First, after the bike and kit were merged the likely battery mounting points wouldn't work because of the awkward shape of the frame on the bike. This was ignored until that point, but I believed a solution would come and I continued with testing.

Second, while testing I discovered the HUGE flaw in my judgement. I matched the voltage, but didn't match the amperage. This meant that I could twist the throttle a little but it would cut out and stop. The batteries were 7amp and the motor was rated for 20amp. I tried some 12amp batteries I had, and luckily they worked to nearly full throttle.

Third, After having to switch to 12amp batteries a saddle style container was able to hold the batteries, but this greatly increased the weight. At the time it just negatively hit performance, but then in the fall of 2009 Ontario regulations regarding eBikes were amended to include a weight limit. I was over the Ontario weight limit, but it didn't matter because the range was tiny with such huge batteries.

After all of that I scrapped the project, reset the configuration on the bike, and packed away the motor kit. Although other battery technologies that are lighter exist it is unlikely that my current budget could work to acquire one. I have looked at upcoming technologies, especially news about the Samsung/Bosch partnership, although their technologies will take years to come to market.

If anyone knows how to max out a 12v 7amp battery to appx. 36v 20amp using transformers then please let me know. I have looked into it, but my skills are lacking. That is a very dangerous upconversion for a lead acid battery, and I like my limbs.

Ad Blocking at the DNS Level (for Dumb Routers)

Original Ad Blocking Post for modern routers: http://www.kurtismccartney.com/adblockhost

After posting an article about Ad-Blocking at the router level I was contacted by a reader about the new Google DNS and if an individual could establish their own Ad-Blocking DNS. The idea should have merit since the host names are being filtered in my solution through what is essentially the outbound DNS query system. Rather than letting the router "ask" what IP address the domain is at it prejudges that you should probably loopback (127.0.0.1) rather than connect.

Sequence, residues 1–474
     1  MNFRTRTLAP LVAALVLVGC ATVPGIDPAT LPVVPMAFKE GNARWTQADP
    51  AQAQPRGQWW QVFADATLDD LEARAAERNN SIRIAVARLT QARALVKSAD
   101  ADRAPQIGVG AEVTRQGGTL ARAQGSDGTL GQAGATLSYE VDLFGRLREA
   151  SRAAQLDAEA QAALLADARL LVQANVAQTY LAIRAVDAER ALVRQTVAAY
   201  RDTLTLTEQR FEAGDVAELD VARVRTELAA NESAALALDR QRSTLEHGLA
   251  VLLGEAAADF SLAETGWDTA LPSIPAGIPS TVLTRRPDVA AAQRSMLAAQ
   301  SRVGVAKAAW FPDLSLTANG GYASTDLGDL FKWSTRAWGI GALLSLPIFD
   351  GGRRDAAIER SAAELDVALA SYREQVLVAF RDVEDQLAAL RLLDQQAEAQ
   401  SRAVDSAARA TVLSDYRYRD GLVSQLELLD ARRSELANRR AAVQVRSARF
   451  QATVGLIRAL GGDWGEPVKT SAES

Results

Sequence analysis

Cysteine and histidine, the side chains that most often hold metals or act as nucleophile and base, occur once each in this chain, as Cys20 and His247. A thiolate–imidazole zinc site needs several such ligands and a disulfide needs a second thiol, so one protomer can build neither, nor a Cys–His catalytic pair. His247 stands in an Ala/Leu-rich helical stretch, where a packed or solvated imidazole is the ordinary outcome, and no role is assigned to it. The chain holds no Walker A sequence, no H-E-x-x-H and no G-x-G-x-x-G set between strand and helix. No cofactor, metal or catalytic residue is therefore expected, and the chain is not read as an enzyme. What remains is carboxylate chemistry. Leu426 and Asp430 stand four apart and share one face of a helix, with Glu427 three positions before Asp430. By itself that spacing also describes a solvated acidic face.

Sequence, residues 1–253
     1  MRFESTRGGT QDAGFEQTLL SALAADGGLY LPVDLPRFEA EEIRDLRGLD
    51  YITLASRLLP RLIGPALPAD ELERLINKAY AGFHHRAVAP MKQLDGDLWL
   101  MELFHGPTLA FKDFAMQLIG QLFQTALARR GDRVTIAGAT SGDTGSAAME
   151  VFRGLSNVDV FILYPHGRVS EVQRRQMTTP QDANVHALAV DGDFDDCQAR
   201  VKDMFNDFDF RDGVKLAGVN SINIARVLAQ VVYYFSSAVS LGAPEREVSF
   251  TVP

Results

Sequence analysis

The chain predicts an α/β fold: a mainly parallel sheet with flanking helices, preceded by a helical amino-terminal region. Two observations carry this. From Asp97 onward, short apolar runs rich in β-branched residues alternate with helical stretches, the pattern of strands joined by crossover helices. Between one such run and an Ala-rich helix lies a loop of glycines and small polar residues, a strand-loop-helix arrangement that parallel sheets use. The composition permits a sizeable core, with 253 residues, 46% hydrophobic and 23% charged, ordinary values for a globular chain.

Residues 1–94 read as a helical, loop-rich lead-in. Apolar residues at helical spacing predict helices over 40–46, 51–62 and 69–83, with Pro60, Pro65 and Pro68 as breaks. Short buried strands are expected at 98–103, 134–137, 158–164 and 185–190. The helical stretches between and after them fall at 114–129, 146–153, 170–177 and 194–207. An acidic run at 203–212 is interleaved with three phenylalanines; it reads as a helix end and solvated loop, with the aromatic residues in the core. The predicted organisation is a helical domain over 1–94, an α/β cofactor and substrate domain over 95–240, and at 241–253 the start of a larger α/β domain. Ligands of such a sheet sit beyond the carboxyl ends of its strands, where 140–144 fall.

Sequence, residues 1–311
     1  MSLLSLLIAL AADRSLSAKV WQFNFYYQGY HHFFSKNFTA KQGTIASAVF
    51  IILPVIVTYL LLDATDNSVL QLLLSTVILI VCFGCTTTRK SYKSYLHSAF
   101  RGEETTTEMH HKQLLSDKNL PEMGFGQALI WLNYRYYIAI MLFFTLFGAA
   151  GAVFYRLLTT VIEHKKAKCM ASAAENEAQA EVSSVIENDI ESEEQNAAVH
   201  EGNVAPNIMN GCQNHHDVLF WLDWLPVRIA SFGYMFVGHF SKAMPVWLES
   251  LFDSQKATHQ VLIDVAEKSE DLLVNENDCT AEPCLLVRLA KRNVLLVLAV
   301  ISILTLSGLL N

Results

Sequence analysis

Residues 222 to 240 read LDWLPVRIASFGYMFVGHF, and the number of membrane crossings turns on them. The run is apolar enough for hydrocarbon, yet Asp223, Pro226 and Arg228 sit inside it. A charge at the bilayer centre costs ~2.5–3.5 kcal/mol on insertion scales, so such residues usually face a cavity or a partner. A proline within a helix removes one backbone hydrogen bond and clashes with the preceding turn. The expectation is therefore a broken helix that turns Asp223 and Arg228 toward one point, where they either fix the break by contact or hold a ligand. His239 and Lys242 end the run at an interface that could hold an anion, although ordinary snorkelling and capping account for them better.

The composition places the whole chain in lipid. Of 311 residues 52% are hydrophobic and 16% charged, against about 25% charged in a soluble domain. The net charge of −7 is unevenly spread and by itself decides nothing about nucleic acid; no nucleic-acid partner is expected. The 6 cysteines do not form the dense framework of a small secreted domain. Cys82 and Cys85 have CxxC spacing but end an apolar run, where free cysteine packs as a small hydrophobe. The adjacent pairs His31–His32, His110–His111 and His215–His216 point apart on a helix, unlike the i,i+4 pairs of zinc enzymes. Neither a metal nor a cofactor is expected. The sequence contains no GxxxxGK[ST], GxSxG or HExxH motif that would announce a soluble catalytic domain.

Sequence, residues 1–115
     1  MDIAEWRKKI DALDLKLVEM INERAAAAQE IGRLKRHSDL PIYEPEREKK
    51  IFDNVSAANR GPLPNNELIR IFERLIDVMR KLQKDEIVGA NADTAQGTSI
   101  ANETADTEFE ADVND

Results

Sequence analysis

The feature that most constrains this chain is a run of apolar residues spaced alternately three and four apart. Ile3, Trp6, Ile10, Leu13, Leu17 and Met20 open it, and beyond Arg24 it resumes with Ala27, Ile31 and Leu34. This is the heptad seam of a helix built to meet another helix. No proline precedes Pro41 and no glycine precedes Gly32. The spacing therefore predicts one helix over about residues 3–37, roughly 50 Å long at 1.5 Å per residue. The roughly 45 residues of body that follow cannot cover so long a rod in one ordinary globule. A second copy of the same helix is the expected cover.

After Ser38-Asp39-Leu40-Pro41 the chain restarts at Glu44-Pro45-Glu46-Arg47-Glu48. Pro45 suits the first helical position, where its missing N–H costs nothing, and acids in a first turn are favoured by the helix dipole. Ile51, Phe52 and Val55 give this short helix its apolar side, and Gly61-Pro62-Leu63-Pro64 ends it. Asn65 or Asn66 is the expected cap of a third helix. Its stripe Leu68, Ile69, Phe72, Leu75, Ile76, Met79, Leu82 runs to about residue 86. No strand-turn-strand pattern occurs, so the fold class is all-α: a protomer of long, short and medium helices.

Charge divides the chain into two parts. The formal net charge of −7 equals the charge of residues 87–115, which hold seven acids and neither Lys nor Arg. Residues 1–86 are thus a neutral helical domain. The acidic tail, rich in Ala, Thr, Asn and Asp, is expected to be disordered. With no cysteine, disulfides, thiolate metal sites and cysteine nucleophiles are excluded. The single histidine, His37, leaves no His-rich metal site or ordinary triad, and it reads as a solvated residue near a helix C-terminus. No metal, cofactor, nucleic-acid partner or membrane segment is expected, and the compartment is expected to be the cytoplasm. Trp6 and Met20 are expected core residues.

A DNS Could easily be an ad-blocking system, however my experiences with the Yahoo! infested OpenDNS made me hesitant to trust another DNS project. I have since tried a couple of other DNS services and read up on the subject to see how it could positively and negatively effect a user. One consistency came up about scale, that big players could improve performance and typically added redirects in their own interests and that smaller players lacked the scale to perform widespread service discovery.

More about the little guys. As I have been informed if a DNS cannot find a domain (linking its IP address) it has two options dump the request or bump it up to a higher level. Some of the highest level DNS servers are not available to the public to reduce strain and spread the DNS system. This system should be widespread even if it hurts performance because it protects stability. If one nameserver or datacentre is destroyed or disabled the network amends its connection practices avoiding a dead zone. This is all hierarchical though from the perspective of a single name server, it has a number of DNS servers it can defer to and possibly some DNS send queries to it when they fail. The one below that DNS technically can be a superior for the first DNS' superior. This creates a loop, which gets us nowhere and is actually the foundation of the next important element.